Because I have an unnatural aversion to wheat germ (why would I want to cook with germs?), I avoided this week's Tuesdays with Dorie recipe: Honey-Wheat Cookies.
But I still had hungry gamer mouths to feed, so I decided to do some makeup baking from the recipes I've missed. And since it's easier to play board games with something that you can hold in one hand, I decided to choose one of the cookie recipes.
And boy, did I hit a dandy. I'd say that Dorie's Chocolate Chunker cookie recipe is my favorite of any recipe of hers I've made. It may be one of my favorite cookie recipes, period. The cookies are more mix-ins than dough: a full 6 oz. each of hand-cut bittersweet and white chocolates, a cup and a half of toasted walnuts, and a cup of dried fruit (more on that in a minute). The dough itself, which really just holds all the goodies together, has melted bittersweet chocolate AND cocoa.
In other words, folks, this is one seriously chocolatey cookie.
Now, the only thing I changed on this recipe is that Dorie calls for salted peanut and raisins. I don't know why she has this thing about chocolate and raisins, but she adds raisins to, like, everything. I, personally, can't get into the raisin thing, so I substituted dried cherries, chopped up a bit. I also substituted toasted walnuts for the peanuts.
The only thing I'd do differently is cut the cherries into smaller pieces; the larger pieces sometimes jumped out at you when you took a bite. But honestly, that didn't even matter that much. These things leapt off the platter into people's mouths. They were, by far, everyone's favorite of anything I've brought to Game Days.
And that's saying something.
Chocolate Chunker Cookies
by Dorie Greenspan
pg. 70 of Baking: From My Home to Yours
1/3 cup all purpose flour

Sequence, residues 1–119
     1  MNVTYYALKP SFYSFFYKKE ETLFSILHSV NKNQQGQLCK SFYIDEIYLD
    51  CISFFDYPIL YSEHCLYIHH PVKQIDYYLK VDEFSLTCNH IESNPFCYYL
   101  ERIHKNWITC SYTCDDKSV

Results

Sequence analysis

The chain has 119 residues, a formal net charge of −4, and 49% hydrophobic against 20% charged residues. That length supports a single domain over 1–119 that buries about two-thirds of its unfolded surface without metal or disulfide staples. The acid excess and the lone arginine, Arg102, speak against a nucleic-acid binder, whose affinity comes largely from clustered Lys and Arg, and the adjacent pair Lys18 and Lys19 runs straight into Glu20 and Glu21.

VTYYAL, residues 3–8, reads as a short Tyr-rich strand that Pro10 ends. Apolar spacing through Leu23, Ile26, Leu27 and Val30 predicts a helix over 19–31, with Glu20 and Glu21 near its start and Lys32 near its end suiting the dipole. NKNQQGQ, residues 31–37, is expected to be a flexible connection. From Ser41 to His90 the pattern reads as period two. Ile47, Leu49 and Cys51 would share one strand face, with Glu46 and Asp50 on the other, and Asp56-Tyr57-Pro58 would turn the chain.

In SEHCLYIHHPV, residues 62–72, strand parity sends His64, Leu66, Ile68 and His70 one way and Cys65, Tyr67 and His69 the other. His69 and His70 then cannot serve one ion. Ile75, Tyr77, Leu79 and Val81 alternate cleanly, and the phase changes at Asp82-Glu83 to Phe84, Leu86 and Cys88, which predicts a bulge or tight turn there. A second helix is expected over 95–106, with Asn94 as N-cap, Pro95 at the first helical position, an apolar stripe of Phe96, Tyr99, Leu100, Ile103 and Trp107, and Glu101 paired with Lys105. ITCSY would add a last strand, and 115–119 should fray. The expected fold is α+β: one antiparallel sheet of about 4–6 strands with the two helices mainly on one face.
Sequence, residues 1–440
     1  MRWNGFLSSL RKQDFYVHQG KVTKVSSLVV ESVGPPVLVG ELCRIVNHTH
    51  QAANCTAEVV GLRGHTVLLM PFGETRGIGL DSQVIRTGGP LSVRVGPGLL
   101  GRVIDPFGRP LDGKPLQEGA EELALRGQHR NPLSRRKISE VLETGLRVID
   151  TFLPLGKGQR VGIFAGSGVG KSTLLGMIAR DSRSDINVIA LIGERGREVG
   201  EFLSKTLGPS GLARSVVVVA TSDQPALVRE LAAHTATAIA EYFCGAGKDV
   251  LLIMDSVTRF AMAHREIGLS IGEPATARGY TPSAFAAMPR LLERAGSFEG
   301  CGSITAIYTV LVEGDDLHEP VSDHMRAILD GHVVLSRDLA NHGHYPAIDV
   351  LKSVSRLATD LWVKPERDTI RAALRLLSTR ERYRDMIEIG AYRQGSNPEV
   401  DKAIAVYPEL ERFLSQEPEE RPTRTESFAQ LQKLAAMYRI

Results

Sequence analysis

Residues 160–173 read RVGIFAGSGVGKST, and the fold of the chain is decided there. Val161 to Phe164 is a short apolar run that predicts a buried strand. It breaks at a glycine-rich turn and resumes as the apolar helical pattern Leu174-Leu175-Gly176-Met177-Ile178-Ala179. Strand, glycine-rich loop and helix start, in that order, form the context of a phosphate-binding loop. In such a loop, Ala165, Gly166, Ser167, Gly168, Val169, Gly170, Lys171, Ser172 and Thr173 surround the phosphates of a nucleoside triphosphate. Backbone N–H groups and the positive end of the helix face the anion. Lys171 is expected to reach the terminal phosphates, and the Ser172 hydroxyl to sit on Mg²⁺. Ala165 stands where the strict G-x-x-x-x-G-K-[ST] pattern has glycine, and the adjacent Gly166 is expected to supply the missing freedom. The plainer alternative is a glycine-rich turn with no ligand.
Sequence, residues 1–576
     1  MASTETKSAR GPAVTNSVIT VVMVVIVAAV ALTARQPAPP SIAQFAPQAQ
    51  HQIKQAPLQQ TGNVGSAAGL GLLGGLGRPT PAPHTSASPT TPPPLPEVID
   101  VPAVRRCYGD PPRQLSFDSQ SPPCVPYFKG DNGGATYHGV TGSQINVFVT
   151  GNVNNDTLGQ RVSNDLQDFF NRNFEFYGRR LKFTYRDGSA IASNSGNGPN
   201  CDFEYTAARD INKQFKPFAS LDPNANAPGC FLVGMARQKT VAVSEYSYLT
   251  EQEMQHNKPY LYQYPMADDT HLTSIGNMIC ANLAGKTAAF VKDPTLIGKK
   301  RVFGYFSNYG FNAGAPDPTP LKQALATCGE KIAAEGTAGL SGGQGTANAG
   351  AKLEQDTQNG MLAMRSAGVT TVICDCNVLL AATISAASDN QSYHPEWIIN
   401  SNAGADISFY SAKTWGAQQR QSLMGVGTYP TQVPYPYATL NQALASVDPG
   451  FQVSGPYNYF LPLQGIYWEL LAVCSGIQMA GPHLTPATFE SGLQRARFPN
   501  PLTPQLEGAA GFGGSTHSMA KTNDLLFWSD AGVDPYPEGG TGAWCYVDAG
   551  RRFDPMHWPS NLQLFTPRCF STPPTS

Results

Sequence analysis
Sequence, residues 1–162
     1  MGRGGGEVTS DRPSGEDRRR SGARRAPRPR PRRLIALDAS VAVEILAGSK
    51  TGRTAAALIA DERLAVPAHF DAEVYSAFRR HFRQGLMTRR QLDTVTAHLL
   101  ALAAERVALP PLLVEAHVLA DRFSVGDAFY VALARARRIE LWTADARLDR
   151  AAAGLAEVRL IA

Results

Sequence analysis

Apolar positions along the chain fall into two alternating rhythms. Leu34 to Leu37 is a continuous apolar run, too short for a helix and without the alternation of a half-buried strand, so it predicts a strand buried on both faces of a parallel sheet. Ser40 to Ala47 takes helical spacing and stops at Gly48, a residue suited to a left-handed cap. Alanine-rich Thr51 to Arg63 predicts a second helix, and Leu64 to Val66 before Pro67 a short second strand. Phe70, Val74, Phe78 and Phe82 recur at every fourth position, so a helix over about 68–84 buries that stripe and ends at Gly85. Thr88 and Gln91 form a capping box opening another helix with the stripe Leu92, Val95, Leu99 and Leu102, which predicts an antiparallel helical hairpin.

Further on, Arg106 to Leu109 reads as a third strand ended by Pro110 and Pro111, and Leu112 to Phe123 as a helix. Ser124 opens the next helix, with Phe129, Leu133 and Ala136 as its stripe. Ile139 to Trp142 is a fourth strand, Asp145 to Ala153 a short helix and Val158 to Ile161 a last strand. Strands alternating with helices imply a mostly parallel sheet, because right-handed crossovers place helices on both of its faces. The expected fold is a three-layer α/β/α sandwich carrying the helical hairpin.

1/4 cup unsweetened cocoa powder
1/2 teaspoon salt
1/4 teaspoon baking powder
3 tablespoons unsalted butter, cut into 3 pieces
6 oz. bittersweet chocolate, coarsely chopped
1 oz. unsweetened chocolate, coarsely chopped
2 large eggs, at room temperature
2/3 cup sugar
1 teaspoon vanilla extract
6 oz. semisweet chocolate, chopped into chunks (or 1 cup chocolate chips)
6 oz. white chocolate, chopped into chunks (or 1 cup white chocolate chips)
1 1/2 cups coarsely chopped nuts (I toasted mine for flavor)
1 cup dried fruit, such as raisins or dried cherries, cut into smaller pieces if necessary
Center a rack in the oven and preheat to 350 degrees. Line two baking sheets with silicone mats or parchment.
Sift together the flour, cocoa, salt, and baking powder.
Set a heatproof bowl over a saucepan of simmering water. Add the butter, and the bittersweet and unsweetened chocolates (Disclosure: I didn't have unsweetened, so used 7 oz. of bittersweet) to the bowl and stir occasionally until just melted. The chocolate and butter should be smooth and shiny, but not so hot the butter separates. Remove the bowl from the heat and set it on the counter to cool.
Working with a stand mixer fitted with a paddle attachment, or with a hand mixer and a large bowl, beat the eggs and sugar together on medium-high speed for about 2 minutes, until pale and foamy. Beat in the vanilla extract, then scrape down the bowl. Reduce speed to low, add the butter-chocolate mixture and mix only until incorporated. With a rubber spatula, scrape down the bowl, and - with the mixer on low - add the dry ingredients. Mix just until the dry ingredients disappear into the dough (which will be thick, smooth, and shiny). Scrape down the bowl and, using the rubber spatula, mix in the semi-sweet and white chocolate chunks, nuts and fruit - you'll have more "crunchies" than dough at this point. (The dough can be wrapped in plastic and kept refrigerated for up to 3 days.)
Drop the dough by generously heaping tablespoonfuls (I made them bigger) onto the baking sheets, leaving about an inch of space between the mounds of dough.
Bake the cookies one sheet at a time for 10 to 12 minutes. The tops of the cookies will look a little dry but the interiors should still be soft. Remove the baking sheet and carefully lift the cookies with a metal spatula onto a cooling rack. Cool to room temperature.
Repeat with remaining dough, cooling the baking sheet (if necessary) between batches.